And every summer, H.C. Frick, the owner of most of these mines and company stores would throw a party for his employees called the "Frick Picnic", usually held in Fiedor's Grove in Mount Pleasant, PA. There, you could drink a couple of free Rolling Rocks or eat a hot dog so that you could feel better about the arthritis, black lung and peripheral vascular disease that was creeping into your body thanks to your work environment. So the miners in these small towns were really getting "Fricked".
If you live or travel near Pittsburgh, you can visit one of Frick's homes in the Point Breeze section of town where you can see Henry Clay Frick's pristine 1914 Rolls Royce Silver Ghost along with literally millions of dollars of art.
Or, on some Saturday, you can turn off Route 51 at the "Smock 1" sign and head down the hill until you come to the Redstone creek. Just on the banks to the right, you'll see a very long building, which used to be the Union Supply Company Store. Go to the rear of the building and follow the steps for the "museum". The ladies and gentlemen there will show you how life used to be when we had operating mines and a very thriving company store.
No one had a Rolls Royce in Smock. And no coal miner was ever caught dead in what we think of as a "luxury car" unless it was that last ride in Steve Haky's Cadillac hearse. The cars we had were used to get back and forth to church on Sunday and to go to neighboring Uniontown to shop for food, etc.
And the only Silver Ghost that was ever in Smock was a sled that lived in Fritzy's coal shed.

Tuesday, August 12, 2008

Yes or no

When I think back on the days of my youth in my little town, I remember that most people, especially those OLD ones in their 60's and 70's, were people of few words.

When you sat down at dinner, chances are pretty good that you'd get a plate shoved in front of you with one word; "eat".

Or if Nick the Barber said "Do you want your hair cut the same way as last time?", he expected a yes or no.

Nowadays, we need to have things explained. So Bob, here's your dinner, nice and hot with a hamburg that I just bought from the Giant Eagle in Uniontown with that gravy that you like so well on it. "But Mom, where's the mashed potatoes and "MY" glass of diet whatever?" First off, as a kid, your Mom would never give you a running play by play of your dinner. And, if for any psycho (not psychological) reason that you had where you'd say "I'm not hungry", then that dish would be taken out from under your upturned nose and you simply didn't eat.

In the 1950's, try and tell your parents that the dress they bought you was not "in" or was too loose or was the wrong color. Suffice to say, they did not return it for something else. Or if that baseball glove had the wrong signature of a player on it, you can bet that Dad didn't say "No problem, we'll take it back and look for the Roberto Clemente model."

And what is really crazy these days are those parents who actually fret about what their children may think of THEM. Oh, if I tell Billy that he's grounded for getting a D in English, he may really hit the roof. WHAT???? If I tell Mary that we're going to Ocean City for vacation, she might get mad and not go? HUH?????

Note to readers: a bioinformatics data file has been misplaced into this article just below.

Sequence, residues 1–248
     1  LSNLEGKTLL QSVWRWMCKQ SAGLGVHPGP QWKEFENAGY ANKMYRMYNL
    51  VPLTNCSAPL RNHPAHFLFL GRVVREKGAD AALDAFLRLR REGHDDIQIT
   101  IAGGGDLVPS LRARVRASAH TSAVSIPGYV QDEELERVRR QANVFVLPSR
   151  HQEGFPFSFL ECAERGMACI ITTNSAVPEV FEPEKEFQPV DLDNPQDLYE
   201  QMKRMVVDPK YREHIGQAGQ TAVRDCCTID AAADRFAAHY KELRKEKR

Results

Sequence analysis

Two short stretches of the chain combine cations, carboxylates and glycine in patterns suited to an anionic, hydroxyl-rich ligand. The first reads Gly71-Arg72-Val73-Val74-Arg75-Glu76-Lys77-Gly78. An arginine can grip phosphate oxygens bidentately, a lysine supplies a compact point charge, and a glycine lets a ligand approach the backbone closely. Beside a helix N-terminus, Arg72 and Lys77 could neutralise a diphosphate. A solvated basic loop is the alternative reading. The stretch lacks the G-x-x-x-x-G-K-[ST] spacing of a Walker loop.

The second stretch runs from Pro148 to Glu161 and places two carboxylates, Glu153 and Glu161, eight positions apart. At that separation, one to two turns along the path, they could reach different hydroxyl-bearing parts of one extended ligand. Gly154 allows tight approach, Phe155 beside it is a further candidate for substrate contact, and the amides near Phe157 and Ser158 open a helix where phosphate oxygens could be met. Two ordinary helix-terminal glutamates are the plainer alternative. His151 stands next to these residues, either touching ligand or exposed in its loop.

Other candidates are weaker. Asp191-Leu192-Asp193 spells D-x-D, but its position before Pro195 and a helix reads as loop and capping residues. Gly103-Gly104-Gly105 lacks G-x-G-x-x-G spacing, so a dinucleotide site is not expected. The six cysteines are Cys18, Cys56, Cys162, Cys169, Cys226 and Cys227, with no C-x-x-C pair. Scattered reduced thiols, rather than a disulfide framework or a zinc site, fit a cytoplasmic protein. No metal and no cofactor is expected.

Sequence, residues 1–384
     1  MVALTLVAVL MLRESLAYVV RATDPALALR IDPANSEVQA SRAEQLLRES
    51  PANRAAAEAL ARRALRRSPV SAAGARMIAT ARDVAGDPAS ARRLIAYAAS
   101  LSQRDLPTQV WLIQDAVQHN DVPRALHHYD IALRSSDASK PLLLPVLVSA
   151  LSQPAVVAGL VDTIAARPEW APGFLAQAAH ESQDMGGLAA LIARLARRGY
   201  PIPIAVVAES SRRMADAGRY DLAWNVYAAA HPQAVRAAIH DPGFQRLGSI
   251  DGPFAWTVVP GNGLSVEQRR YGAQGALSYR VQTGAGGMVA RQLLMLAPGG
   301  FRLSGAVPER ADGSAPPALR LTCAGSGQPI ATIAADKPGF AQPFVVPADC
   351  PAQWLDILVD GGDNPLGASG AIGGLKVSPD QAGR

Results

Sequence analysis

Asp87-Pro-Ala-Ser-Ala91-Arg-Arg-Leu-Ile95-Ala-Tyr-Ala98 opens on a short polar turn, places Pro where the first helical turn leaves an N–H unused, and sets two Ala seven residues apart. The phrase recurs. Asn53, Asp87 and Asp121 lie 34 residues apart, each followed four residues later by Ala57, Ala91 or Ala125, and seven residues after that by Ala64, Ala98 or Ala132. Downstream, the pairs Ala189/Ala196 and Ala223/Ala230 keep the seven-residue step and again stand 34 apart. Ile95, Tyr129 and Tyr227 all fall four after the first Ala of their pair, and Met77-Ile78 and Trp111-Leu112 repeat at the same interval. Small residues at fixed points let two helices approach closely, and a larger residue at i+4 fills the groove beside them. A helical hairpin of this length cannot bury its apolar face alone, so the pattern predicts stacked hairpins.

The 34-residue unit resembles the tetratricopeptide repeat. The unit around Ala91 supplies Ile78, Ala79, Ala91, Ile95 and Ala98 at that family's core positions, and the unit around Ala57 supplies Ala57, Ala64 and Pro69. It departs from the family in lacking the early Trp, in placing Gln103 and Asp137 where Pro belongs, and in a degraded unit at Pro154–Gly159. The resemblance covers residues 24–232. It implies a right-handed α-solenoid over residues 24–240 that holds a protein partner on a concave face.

Sometimes we may benefit from talking with our parents on the matter of how we were raised. Sure, it may not be politically correct, but it was correct. Why do we need "life coaches" and parenting books to teach us what to do with our kids? We have the Bible and we have our own life lessons as reference.

This morning, I had to go to the doctor. And in my usual elegant style, I turned on the wrong road and got on Pittsburgh's Liberty bridge. I knew that if I didn't bail out and turn right onto the road that goes to Mount Washington, I'd be in for a really severe detour. Just before getting to the top of the road to finally turn around and get back on the right track, there was a late model gold Pontiac in the middle of my lane with the four-way flashers on. Since this road has one lane going up and one going down, I made sure that the way was clear for me to go around the car, go to the top of the hill, and turn around.

Coming down the other side, I put on my own four-way flashers and stopped and asked the driver (who had a wife in the front seat and two young children in the back), "are you OK?" He said that he was out of gas. I spared him my 20 minute lecture on how he should NEVER run out of gas and asked him "Would you like me to call for help"? He said "I don't know...we don't have a cell phone." I said "I do have a cell phone...would you like ME to call someone for you to help you?" He said "Who are you going to call?" At this point, cars were backing up behind this guy as well as behind me since we now blocked the entire road. "I'm going to call someone with GAS." "Who?" Finally, my Smock upbringing rose up and said "Listen, I need ONE WORD from you...yes or no." He looked sort of perplexed and said "Yes or no? I need to know who you're going to call." Finally, my grandparent's upbringing came out and said "Listen, this is your last chance...if you want me to get someone up here with gas, you need to say ONE WORD, yes or no.!!!" At this point, it reminded me of the judge in My Cousin Vinny who asked "How do you plead?" and Vinny kept wanting to give explanations. "YES" came the response and I assured him that I would call. Further down the hill, as the people behind me no doubt continued to make threats on my life, I called 911 and asked if they can send help to this motorist who was out of gas. The answer? "YES"